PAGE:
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to repair damages with the muslim world. he stopped and toured istanbul where erdogan had been there and had become prime minister. and had i, in effect, become on of the darling of the obama administration's hope that he'd constitute the first re-emergence of a democratic islamist government in the middle east. erdogan had reached out and developed expensive relations with assad under his then foreign minister davutoglu. at the same time he was also marching towards a re-election and ultimately a second election as president, he wanted to change the constitution to transfer many of the prime minister's authority to the office of the president. he almost was stealing a page, steve, out of vladimir putin's playbook. trying to seek the powers that were denied him under the
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constitution. he lost that election, the constitutional parliamentary election. his party, the akp lost, but then orchestrated a second election by not having the government be able to form under his party an effective government. here he is once again as a president who is closed down the media, shut down most of the independent media in the region, had broken, some respects, the cease-fire with the kurdish radical pkk. and the attack in the istanbul airport a few weeks ago cannot be underestimated in the wake of over 12 other terrorist attacks throughout the country that the people and the military were saying enough is enough. >> the question, too, mark, is what the people of turkey in general would think of this. if their government is replaced by a coup here. we talked about how in his rise to power, erdogan was the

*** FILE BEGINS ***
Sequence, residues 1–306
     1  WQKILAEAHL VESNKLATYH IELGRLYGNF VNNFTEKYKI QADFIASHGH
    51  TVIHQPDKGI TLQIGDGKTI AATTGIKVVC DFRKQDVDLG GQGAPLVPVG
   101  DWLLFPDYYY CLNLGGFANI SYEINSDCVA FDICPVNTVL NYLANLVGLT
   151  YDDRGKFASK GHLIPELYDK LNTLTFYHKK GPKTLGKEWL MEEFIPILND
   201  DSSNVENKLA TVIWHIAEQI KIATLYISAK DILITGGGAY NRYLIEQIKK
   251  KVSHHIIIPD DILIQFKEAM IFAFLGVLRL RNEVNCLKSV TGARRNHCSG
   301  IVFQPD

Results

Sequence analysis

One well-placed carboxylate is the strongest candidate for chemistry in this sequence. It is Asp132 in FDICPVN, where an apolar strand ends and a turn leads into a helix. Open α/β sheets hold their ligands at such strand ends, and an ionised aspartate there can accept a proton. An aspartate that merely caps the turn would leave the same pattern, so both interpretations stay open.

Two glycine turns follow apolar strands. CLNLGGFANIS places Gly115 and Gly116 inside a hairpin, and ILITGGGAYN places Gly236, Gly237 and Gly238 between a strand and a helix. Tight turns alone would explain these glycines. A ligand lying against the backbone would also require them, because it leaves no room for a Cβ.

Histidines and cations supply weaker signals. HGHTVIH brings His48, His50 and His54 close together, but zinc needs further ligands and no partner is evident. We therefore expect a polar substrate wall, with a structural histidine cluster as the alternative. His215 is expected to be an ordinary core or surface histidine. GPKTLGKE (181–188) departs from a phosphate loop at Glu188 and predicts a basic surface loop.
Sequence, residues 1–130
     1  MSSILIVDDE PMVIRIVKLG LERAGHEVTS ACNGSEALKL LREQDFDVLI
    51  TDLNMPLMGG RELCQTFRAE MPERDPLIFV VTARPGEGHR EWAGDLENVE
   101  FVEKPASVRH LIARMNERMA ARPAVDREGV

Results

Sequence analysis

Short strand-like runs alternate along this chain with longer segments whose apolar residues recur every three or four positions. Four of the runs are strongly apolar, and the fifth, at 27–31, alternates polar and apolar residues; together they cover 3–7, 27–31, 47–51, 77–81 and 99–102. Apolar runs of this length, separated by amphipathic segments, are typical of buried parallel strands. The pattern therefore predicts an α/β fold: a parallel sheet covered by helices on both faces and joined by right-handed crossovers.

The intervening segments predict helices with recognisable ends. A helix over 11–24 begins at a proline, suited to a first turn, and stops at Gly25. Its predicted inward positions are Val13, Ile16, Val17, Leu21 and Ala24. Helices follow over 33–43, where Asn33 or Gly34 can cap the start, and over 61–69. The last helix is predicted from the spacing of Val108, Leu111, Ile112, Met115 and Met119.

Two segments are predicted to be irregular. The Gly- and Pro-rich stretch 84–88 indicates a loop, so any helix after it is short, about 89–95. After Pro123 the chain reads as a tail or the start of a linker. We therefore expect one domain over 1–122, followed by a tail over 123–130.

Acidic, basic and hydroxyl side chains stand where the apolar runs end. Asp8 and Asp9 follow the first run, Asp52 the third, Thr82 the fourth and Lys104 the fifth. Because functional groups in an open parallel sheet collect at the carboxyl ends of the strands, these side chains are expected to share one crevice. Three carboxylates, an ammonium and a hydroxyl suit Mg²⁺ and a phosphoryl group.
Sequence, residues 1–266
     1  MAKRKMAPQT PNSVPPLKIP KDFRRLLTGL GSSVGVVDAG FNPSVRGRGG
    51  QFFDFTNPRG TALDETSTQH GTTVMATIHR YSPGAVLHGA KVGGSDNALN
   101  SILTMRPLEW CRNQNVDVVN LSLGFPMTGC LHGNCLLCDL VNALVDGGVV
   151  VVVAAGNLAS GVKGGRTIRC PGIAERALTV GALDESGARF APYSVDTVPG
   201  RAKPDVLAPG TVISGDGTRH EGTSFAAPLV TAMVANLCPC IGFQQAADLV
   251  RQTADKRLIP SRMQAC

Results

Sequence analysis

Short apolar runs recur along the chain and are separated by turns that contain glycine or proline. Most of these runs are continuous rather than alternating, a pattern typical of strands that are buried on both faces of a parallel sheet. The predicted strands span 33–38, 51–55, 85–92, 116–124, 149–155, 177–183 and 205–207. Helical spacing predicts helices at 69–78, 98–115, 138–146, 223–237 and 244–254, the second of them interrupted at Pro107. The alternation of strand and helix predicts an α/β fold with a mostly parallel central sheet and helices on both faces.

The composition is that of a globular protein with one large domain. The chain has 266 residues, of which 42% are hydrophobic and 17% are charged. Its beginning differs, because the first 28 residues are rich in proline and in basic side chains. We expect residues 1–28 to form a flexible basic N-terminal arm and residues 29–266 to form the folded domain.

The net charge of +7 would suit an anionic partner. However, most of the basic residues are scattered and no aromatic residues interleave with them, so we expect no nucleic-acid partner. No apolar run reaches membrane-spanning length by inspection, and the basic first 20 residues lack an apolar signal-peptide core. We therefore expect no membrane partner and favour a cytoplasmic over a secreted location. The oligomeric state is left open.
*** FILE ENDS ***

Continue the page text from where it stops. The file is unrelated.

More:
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populist candidate. he went head-to-head with the traditional elite, the traditional ruling military class there. and he won with his populist appeal. you're talking about some of the stumbling blocks he's had in recent years. right now, if you had to assess his standing, how popular he is with the people in turkey, what would you say that is? >> i would say and still say that his party, the akp, is extraordinarily popular in the interior, more conservative elements of turkish society. it's in the major cities among the opinion elites in the military where he's been the most unpopular. when he took power after his first term, he really attempted to decapitate the military and the media by, in -- for all intents and purposes, staging kangaroo court showdowns and removing many of the people who are senior military officials